Schools indebted to volunteers
After Peter Romeyn retired from the Pratt School of Engineering at Duke University, he found his second calling. Three days a week, he carries his briefcase into Githens Middle School, sets up shop in the media center and presides at a whiteboard for three hours with students who had been struggling with core-level math. Now they eagerly huddle over math problems with his persistent encouragement.
The teachers and staff at Githens said that “he is living his dream and sharing his enthusiasm for learning, and hopefully he will lead us to other such valuable volunteers.” Their praise was persuasive: Peter Romeyn was selected as the fall 2012 winner of the Durham Public Schools “Get Involved!” volunteer award. He personifies the benefits and potential of active community participation in our schools. If only we could clone him.
Peter is not alone, however. Countless individual and organizational volunteers come to our schools in common cause with the teachers and staff that have committed their time and skill to helping all DPS students reach their potential. Volunteers offer key additional support that enhances our standard curriculum. Some, like Peter Romeyn, reinforce our core curriculum through the relationships they build with students needing broad support. Others, such as Fidelity Investments, build lasting partnerships with particular schools in our community. Last week, Fidelity invited 200 Lowe’s Grove Middle School students to their new campus, in partnership with Junior Achievment, to teach them financial literacy.
In gratitude to the hundreds of volunteers that take the time to care for our students and schools, I invite you to help us recognize them through your nominations for the next “Get Involved!” award. We present one award each semester, and we will name the spring 2013 honoree during National Volunteer Week, April 22-26.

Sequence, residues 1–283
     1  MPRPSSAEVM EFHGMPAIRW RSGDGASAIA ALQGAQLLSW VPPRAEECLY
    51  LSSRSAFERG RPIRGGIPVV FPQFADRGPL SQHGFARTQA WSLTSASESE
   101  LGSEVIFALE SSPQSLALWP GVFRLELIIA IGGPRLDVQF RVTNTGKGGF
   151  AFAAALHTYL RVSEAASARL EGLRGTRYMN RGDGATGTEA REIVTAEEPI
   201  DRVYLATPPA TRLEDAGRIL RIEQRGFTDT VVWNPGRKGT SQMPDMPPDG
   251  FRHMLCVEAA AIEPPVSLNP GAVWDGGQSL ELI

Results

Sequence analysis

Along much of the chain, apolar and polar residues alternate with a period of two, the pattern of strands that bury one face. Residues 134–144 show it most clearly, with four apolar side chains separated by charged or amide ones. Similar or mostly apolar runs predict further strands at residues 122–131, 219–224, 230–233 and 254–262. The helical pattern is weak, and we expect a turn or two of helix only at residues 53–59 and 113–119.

Students, parents, DPS staff and community members may all submit nominations online at www.dpsnc.net between March 22 and April 12. We are looking for any individual or organization that has devoted time to our students and schools and made a significant impact, whether through academics, beautification, mentoring, assisting teachers, leading a program or other volunteer activities. Criteria for the award include the amount of time invested in our schools, the role of the nominee (for example, leading a project), and most importantly the type of activity and level of impact on our students. Not every important volunteer activity is directly tied to academics, but our judges among the district volunteer office and other staff will look at how much the nominee has aided in students’ academic preparation.
As professional educators, we are ultimately accountable for our students’ success. As members of the Durham community, we are also indebted to the volunteers and partners that enrich our schools and provide the fresh perspectives that enlighten our students. You give our students hope. You are the embodiment of “One Vision. One Durham.” Thank you for demonstrating to our students, teachers and staff that none of them is alone in our quest for academic excellence.
Eric J. Becoats is superintendent of Durham Public Schools. His column appears the last Tuesday of each month.